US 20020089817 A1
A keypad protector includes a battery compartment cover adapted to secure over the battery compartment of a portable electronic device having a keypad and a flap attached to the cover that pivots to protect the keypad. The keypad protector is readily replaced upon damage without resort to electronic device manufacturer service.
1. A cellular telephone keypad cover comprising:
a battery compartment cover adapted to secure over a cellular telephone battery compartment; and
a flap pivotally attached to said battery compartment cover and adapted to overlay a cellular telephone keypad.
2. The keypad cover of
3. The keypad cover of
4. The keypad protector of
5. The keypad protector of
6. The keypad protector of
7. A keypad protector comprising:
a battery compartment cover adapted to secure over a battery compartment of a portable electronic device having a keypad, said battery compartment cover having an outward surface, the outward surface forming an extender having dimensions beyond that of the battery compartment; and
a flap pivotally attached to the extender and adapted to overlay a portion of the keyboard.
8. The keypad cover of
9. The keypad cover of
10. The keypad protector of
11. The keypad protector of
12. The keypad protector of
 This application claims priority of U.S. Provisional Patent Application 60/260,045 filed Jan. 5, 2001, and is incorporated herein by reference.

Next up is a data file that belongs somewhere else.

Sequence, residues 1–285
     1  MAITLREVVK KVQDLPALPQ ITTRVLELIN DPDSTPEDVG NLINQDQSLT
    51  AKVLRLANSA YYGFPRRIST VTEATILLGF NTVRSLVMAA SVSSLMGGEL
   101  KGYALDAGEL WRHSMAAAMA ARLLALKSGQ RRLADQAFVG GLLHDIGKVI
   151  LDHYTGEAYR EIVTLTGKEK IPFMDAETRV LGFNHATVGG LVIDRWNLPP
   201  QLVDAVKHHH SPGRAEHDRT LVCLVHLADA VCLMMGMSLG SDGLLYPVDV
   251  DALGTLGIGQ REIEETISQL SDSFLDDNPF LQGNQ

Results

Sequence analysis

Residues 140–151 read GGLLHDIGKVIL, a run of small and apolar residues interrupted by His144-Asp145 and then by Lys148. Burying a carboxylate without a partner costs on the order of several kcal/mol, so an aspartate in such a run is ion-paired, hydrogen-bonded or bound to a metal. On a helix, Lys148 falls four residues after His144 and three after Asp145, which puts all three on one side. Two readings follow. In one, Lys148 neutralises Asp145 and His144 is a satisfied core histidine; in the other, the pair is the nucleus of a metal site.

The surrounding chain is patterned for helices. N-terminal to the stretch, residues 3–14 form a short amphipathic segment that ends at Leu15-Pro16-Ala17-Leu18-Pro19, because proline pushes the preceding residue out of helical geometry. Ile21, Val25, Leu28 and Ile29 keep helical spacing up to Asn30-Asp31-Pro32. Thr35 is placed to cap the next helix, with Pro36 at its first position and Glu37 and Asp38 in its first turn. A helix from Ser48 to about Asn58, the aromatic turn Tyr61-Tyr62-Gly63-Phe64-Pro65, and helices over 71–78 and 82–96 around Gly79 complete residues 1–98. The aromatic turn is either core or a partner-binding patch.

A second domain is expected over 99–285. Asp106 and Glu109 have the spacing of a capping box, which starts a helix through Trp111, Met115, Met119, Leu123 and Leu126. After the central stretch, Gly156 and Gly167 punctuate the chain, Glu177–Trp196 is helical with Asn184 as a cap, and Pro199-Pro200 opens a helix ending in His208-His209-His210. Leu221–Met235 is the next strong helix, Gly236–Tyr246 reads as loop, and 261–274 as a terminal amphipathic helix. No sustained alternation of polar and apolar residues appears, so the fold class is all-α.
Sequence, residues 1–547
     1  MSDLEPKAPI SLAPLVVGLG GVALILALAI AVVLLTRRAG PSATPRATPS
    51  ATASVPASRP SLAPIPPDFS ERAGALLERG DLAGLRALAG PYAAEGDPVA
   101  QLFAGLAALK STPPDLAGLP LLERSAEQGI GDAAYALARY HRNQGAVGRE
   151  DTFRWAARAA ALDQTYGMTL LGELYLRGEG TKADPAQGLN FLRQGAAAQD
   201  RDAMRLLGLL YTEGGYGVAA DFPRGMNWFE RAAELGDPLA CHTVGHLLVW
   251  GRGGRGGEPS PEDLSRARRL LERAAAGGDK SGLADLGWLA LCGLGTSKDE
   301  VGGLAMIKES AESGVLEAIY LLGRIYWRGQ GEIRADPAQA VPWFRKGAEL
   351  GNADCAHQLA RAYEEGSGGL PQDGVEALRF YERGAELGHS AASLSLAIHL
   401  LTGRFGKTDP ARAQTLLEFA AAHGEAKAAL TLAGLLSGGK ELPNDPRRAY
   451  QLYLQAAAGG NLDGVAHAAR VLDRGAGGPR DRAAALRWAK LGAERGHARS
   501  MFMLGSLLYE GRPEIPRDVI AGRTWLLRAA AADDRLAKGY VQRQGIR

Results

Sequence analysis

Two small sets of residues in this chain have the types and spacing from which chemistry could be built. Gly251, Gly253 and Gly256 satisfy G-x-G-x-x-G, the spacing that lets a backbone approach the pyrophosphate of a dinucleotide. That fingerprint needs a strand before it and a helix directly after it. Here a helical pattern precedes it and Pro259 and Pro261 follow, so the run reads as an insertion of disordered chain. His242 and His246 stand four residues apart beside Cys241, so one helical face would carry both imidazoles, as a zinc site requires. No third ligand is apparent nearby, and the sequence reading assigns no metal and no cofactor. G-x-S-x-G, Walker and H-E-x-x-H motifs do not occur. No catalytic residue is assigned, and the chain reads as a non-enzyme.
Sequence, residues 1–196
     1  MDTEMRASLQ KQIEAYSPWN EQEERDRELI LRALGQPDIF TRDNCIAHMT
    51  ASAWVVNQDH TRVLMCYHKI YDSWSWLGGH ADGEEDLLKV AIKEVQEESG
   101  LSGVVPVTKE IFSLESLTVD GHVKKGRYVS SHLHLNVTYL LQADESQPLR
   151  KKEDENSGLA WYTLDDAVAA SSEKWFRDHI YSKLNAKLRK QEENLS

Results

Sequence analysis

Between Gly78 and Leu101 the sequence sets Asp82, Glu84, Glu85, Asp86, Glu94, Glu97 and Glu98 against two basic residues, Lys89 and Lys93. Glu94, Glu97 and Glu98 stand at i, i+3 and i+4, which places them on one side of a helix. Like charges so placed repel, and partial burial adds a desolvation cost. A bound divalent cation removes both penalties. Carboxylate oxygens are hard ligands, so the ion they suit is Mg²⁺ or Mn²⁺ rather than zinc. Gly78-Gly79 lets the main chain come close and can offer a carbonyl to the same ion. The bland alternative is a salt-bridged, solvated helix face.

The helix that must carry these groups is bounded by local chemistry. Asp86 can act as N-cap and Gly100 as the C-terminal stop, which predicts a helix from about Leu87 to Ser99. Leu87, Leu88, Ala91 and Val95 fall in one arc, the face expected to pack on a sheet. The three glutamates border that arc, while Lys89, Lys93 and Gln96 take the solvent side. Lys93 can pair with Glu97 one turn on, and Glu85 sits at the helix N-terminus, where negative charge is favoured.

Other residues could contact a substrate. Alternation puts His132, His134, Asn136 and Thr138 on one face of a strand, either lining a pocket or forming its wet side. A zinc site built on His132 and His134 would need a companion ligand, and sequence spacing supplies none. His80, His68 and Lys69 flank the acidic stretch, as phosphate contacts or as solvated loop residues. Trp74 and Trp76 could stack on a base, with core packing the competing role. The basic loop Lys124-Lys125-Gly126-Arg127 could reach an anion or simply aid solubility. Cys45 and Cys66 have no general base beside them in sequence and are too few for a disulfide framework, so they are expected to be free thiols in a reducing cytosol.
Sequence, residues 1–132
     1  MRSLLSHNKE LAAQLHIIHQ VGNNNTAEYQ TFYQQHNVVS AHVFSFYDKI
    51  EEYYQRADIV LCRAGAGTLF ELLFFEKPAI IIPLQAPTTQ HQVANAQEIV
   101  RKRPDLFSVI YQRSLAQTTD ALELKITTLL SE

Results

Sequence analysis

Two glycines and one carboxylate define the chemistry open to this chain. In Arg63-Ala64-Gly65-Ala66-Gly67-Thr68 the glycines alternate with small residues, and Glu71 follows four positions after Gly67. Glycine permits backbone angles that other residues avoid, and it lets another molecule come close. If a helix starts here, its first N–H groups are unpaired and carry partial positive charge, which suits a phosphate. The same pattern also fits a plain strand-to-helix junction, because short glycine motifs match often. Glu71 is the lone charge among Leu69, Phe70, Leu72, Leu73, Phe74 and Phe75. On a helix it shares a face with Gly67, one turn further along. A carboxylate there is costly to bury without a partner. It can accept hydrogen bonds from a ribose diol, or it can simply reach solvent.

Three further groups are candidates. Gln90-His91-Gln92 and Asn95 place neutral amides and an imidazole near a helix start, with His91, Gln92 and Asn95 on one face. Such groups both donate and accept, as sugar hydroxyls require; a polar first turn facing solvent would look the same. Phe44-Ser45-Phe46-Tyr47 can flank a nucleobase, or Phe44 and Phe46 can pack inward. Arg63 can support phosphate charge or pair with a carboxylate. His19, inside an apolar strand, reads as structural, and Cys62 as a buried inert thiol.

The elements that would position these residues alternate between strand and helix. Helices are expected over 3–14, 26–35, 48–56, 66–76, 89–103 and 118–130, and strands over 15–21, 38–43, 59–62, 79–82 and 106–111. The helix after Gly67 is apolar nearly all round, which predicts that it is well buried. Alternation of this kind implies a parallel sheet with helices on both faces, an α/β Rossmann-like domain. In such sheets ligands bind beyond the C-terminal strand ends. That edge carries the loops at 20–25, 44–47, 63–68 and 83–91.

The present invention has utility as a keypad protector for a portable electronic device, specifically including a cellular telephone and a PDA, where a keypad as used herein is noted to also include a touch screen and a pressure sensor array. While the present invention is detailed with respect to the Nokia 8260 and 8290 series of cellular phones, it is appreciated that the present invention is readily adapted by one skilled in the art to afford similar keypad protection for a variety of cellular telephone makes and models. A keypad protector is shown generally at 10 in FIGS. 1-3. The keypad protector 10 has a battery compartment cover 11 adapted to engage complimentary coupling fittings integral to the portable electronic device case (shown in ghost form in FIGS. 1-3). The battery compartment cover 11 has a terminal locking tongue adapted to secure the keypad protector 10 to the cellular phone. Optionally, ridges 14 are provided on the external side 12 of the cover 11 to facilitate pressure release of the tongue 13. Optionally, a hook 15 or other conventional fixture is attached to the battery compartment cover 11 to facilitate securing of the cellular telephone to the apparel of a user. The battery compartment cover 11 engages a flap 16 adapted to overlay a portion of the keypad when the inventive protector 10 is in a closed position. It is appreciated that the protective nature of the invention extends beyond the actual dimension of the flap 16, and as such can be formed to a size less than the full keypad surface area. The cover 11 and flap 16 terminate in tabs 25 and 25′, each tab having an aperture therein 26 and 26′ respectively that upon alignment of the apertures 26 and 26′ a pivot axis A is defined. The battery compartment cover 11 and flap 16 are maintained in pivotal alignment with one another through a hinge pin 18. Alternatively, a conventional pivot pin-aperture pair of complimentary engaging dimensions are integrally formed into the cover and flap tabs thereby aligning the hinge pin 18. Preferably, the flap 16 of the invention has an end 19 spaced from the pivot axis A to allow access to power coupling, docking, or other fittings located in the base of a portable electronic device, as shown in U.S. Pat. No. 5,745,567, which is incorporated herein by reference. The flap and cover components of the invention are preferably constructed of impact resistant injection moldable plastic materials conventional to the art. Optionally the outer face 20 of the flap 16 is provided with indicia, embodiments or decorative ornamentation. Additionally, the inner face 22 of flap 16 provides a surface suitable for storage of alphanumeric data such as phone numbers, a photograph, a notepad or other thin sheet materials. Side grooves 24 are optionally provided to retain a thin sheet material in contact with the inner face 22.